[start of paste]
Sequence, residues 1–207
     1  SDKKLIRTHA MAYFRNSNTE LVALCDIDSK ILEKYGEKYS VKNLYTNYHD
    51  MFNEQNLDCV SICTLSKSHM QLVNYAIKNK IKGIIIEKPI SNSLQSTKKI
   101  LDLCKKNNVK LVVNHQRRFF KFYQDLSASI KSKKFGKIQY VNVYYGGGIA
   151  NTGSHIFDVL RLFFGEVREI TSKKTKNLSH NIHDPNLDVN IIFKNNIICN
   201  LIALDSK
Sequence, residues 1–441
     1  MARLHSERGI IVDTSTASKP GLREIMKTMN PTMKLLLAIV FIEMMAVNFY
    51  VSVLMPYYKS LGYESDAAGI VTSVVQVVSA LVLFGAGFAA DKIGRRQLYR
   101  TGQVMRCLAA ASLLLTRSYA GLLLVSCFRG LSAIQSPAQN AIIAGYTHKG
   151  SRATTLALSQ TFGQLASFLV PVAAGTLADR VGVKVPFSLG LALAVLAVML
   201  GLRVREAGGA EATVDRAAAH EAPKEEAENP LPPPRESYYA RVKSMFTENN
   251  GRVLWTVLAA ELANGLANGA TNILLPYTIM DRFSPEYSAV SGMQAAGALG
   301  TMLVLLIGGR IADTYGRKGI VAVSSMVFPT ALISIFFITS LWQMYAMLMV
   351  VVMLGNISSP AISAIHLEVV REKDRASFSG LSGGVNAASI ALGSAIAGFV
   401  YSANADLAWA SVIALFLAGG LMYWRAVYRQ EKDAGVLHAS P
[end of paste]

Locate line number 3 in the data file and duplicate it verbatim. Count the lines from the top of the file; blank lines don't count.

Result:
    51  MFNEQNLDCV SICTLSKSHM QLVNYAIKNK IKGIIIEKPI SNSLQSTKKI